Historical Context: The Erie Canal and New York City
Ann L. Buttenweiser, Urban Planner
Hogs, horses, and cattle; flour, oats, and barley; staves for making barrels in 1 which to store and ship goods; beer and spring water – all were shipped from Albany to New York City with the opening of the Erie Canal. The canal boats returning upstate carried a different variety of products: furniture, fabrics, dishes, glasses, and tools needed to build the new homes of the settlers who would use these products. Early price lists showing freight costs from New York City to Albany were often quoted in shillings and pence, the standard currency of the period.
The movement of goods on the Erie Canal and to and from Albany boosted an already prominent New York City to the status of chief business and financial center of the nation. When the canal opened in 1825, the additional grain and farm produce traveling through the city increased gross business by $6 million. Five hundred new commercial ventures sprang up in just the first few months after the opening. The April 1825 Gazette, a local city newspaper, carried 1,115 new advertisements. Also in that year, entrepreneurs established 12 banks and 13 marine insurance companies, with aggregate investments of $23 million.
Flour was just one of many products shipped from Albany to New York City. The volume of this staple traveling on the Erie Canal, however, helped turn New York City into the most important flour market in the United States. Inspections in the chief ports of the U.S. show that in 1820, before the canal opened, Baltimore led with 577,000 barrels, Philadelphia was second with 400,000, and New York was third with 267,000. Three years later, with the Erie Canal only partially open, New York passed Philadelphia, although Baltimore was still first. In 1827, New York took the lead in the flour competition, with 625,000 barrels to Baltimore's 572,000 and Philadelphia's 351,000. By 1860, New York had increased its lead. Its flour exports now totaled $5 million more than Philadelphia's and $4 million more than Baltimore's.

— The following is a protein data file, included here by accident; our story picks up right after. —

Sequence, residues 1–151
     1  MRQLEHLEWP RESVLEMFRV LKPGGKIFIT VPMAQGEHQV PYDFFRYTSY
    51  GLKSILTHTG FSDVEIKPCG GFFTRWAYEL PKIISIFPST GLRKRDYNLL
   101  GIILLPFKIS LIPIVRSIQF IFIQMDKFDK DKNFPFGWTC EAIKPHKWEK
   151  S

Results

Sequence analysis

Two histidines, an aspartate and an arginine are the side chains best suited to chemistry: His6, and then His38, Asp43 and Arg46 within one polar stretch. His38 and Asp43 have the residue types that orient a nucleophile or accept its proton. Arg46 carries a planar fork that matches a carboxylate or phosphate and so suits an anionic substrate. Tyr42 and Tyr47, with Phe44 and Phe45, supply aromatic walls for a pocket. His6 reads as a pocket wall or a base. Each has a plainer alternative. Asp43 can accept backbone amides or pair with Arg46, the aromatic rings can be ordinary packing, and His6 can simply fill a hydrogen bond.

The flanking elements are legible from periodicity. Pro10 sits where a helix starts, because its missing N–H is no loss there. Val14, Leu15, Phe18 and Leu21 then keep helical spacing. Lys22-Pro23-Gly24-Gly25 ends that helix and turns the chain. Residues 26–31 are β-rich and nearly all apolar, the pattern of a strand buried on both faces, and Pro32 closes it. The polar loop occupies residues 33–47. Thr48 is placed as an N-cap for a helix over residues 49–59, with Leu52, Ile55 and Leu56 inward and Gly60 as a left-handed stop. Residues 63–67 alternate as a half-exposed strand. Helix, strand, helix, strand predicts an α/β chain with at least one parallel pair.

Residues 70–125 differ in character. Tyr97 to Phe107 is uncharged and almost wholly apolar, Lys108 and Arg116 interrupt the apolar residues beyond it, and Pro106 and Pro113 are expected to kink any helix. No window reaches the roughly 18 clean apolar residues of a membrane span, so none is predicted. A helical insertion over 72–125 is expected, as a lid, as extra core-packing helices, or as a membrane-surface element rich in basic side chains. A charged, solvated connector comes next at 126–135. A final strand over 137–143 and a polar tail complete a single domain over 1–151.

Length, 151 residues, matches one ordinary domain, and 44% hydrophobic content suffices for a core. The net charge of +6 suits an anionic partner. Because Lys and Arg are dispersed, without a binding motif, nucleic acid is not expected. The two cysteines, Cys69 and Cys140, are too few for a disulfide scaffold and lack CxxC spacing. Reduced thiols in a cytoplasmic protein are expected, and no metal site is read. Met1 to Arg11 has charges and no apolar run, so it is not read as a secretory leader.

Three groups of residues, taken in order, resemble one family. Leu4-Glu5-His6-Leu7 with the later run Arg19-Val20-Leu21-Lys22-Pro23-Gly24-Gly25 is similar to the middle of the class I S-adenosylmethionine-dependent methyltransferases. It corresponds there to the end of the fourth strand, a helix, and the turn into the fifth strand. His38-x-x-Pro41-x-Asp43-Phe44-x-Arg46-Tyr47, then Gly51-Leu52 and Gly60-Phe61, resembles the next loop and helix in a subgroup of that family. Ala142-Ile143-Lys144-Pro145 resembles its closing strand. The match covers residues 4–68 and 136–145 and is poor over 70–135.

After the Erie Canal opened, new stores sprang up in New York. They sold sugar, spices, coffee, hardware, and locally made or imported textiles that were to be sent westward via the canal. Among the stores clustered in lower Manhattan on the streets behind the waterfront was the New York Arcade, opened in 1827. Here, in the forerunner of today's mall, shoppers could stroll through a protected, skylit corridor and make purchases at 40 shops.
The proliferation of such stores created a demand for new “white collar" workers, further adding to the city's growing economy. These employees were mostly male and relatives of the shop owners. They included clerks to record the sales and bookkeepers to count the money at the end of each day, as well as salesmen to convince out-of-town shopkeepers to buy their wares at the new arcades.
The products coming through the Erie Canal also created banking jobs. Upstate farmers harvested their grain in the fall, but by the time it was milled into flour, the canal had frozen over; they could not sell the flour until spring. The farmers needed money in their pockets in the fall, however, to pay for milling and storing the flour through the winter and to buy seed for spring planting. New York City's produce merchants decided to help the flour market by becoming bankers. These new merchant bankers had one goal: to be assured of a ready supply of flour for their export businesses. To accomplish this, they loaned the farmers a part of the purchase price of the flour several months in advance. Although the farmers paid interest on these loans, they could now pay their millers and packers to hold the flour until spring. This also guaranteed the merchant bankers first call on the flour for which they had partially paid. The system ensured that the merchant bankers would have produce to export. It also allowed them to use the interest from the loans to buy even more of the farmers' products.
Thus, a financial services industry, built around Erie Canal flour, began in New York City. Upstate, except in times of crop failure, farmers no longer suffered through cashless periods. Often, farmers spent the new cash on furniture, fabrics, and tools, which were shipped from New York City to Albany and beyond. More and more cash began to circulate within the economic system, further stimulating trade and manufacturing.